With Heath Miller Retiring, What's Next at Tight End for the Steelers?

After 11 years, Heath Miller is calling it quits. What does his retirement mean for the Pittsburgh Steelers?

Steeler fans hate the Ravens, and that was no different during last year's NFL Draft.

It was the second round, and Pittsburgh was one spot away from their selection. Maxx Williams, a beastly tight end out of Minnesota, was still on the board -- some folks had him as a first-round pick, and he had slid all the way to pick 55.

It was the perfect match -- the Steelers needed tight end help with an aging Heath Miller continuing to get the starting nod, and Williams, as a Steeler, could sit back and not play a prominent role until Miller was gone.

And then the Ravens ruined everything.

Baltimore, in need of a pass-catcher themselves, traded into the 55 spot, the one just ahead of the Steelers. 

They took Williams.

Fast forward eight months, and the Steelers are in an uncomfortable situation. Miller, after 11 seasons in the NFL, has reportedly called it quits.

What's next?

Filling the Void

Miller never put up monster numbers, but he was consistently good for the Steelers. And consistently above average versus the rest of the tight end field in the NFL.

If you've never been to numberFire before and are unaware of our Net Expected Points (NEP) metric, let me briefly explain. You see, rather than using simple yardage statistics to show how well a player performed, we use NEP, which looks at down-and-distance situations for players and shows the impact the player makes. Before each play, there's a certain expected point value on a drive. If, on the next play, that expected point value is greater than it was on the previous play, whichever player helped make that happen is credited with the expected point difference -- it would be positive in that case. This is why it's important to note that not all yardage gains are created equal. A gain of 10 on 3rd-and-11, for instance, is a lot less impactful than a gain of 10 on 3rd-and-9.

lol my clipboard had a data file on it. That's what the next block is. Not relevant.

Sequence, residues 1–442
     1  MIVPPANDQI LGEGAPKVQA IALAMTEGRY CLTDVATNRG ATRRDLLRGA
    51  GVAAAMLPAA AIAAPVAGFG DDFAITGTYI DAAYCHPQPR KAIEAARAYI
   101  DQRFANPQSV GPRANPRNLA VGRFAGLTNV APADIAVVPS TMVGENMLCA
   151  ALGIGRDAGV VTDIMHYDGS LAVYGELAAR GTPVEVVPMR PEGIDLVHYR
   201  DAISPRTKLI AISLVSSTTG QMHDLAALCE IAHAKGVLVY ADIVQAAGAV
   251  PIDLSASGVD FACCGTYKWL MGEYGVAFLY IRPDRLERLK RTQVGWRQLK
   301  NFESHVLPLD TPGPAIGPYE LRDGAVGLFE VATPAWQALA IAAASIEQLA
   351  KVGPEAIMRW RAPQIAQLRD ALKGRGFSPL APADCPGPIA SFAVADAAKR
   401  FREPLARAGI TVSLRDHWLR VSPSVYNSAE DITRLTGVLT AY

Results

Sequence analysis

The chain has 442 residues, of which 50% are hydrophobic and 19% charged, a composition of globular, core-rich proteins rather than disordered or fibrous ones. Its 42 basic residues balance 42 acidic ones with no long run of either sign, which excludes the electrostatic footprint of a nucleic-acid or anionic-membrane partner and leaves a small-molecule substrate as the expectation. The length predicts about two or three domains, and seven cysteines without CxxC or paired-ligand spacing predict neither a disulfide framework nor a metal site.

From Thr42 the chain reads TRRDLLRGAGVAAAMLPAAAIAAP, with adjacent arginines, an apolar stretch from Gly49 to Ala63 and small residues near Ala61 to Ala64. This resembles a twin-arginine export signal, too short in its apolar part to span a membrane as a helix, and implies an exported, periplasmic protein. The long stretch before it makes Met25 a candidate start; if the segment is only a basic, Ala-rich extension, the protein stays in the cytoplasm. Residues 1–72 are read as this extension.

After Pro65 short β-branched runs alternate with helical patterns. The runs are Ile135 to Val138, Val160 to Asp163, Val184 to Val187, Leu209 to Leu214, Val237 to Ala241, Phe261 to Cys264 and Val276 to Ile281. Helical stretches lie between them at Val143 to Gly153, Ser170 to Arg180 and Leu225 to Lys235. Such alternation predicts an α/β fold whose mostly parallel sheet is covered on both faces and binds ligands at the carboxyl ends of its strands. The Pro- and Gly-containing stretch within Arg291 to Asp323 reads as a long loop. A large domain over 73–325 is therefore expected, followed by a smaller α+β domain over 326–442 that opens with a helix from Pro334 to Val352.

To read more about NEP, check out our glossary.

There are a lot of ways to measure wide receiver and tight end performance through NEP -- we can look at how well a player did on all targets, how he performed on only his catches, or how he did on a per target basis.

Considering Heath Miller saw a hefty number of targets throughout his career all while staying healthy, he generally ranked high in our Target NEP (points added on all targets) and Reception NEP (points added on catches only) metrics. But what's interesting to note is that he was also pretty efficient, at least versus the league average.

YearReception NEP/TargetLeague AverageDifference

During his 11-year career, Miller's Reception NEP per target rate was below the league's average just three times, with two of those seasons came over the last three years.

And speaking of which, it kind of makes sense for Miller to retire at this point in his career.

You may or may not recall, but Miller tore his knee up at the end of the 2012 season, which was one of the best ones of his career. Since that injury, Miller's suffered dramatically in the efficiency department, despite quarterback Ben Roethlisberger playing his most effective football during that time.

Now Heath-less, the Steelers will look to do one of three things: find a player in free agency, draft another tight end to start, or promote from within.

Drafting a tight end and throwing him in to start doesn't make much sense for a team that has high hopes for 2016. After all, history has shown first-year tight ends aren't big contributors

They could promote from within, which would mean Jesse James, who's entering his second year, would get a big boost in playing time and fantasy football value. James is a 6'7'' freak who compares most to Kevin Boss, per

During his rookie year, James caught 8 of his 11 targets, but he wasn't overly effective with his workload -- he had just a 0.38 Reception NEP per target average, which, as you can see from the table above, was far below the league's norm.

It'd be risky for Pittsburgh -- again, a team looking to do big things next year -- to throw James into a starting role. In turn, it makes sense for them to look at the free agent pool and see who's available.

The best fit -- and this is somewhat subjective -- could be Dwayne Allen, who's not expected to be back in Indianapolis next season. Allen served as the Colts' primary pass-blocking tight end, which is what Pittsburgh will need with the departed Miller: a strong pass-blocker to open things up for a vertical passing attack with incredibly strong weapons.

The Steelers aren't big spenders during the offseason, but we also shouldn't expect Allen, who's only 25, to come with a hefty tag after being injury prone during his young career.

Time will certainly tell. The bottom line is that the Steelers more than likely can't sit tight as is, and as a Super Bowl contender, they'll need some help in free agency.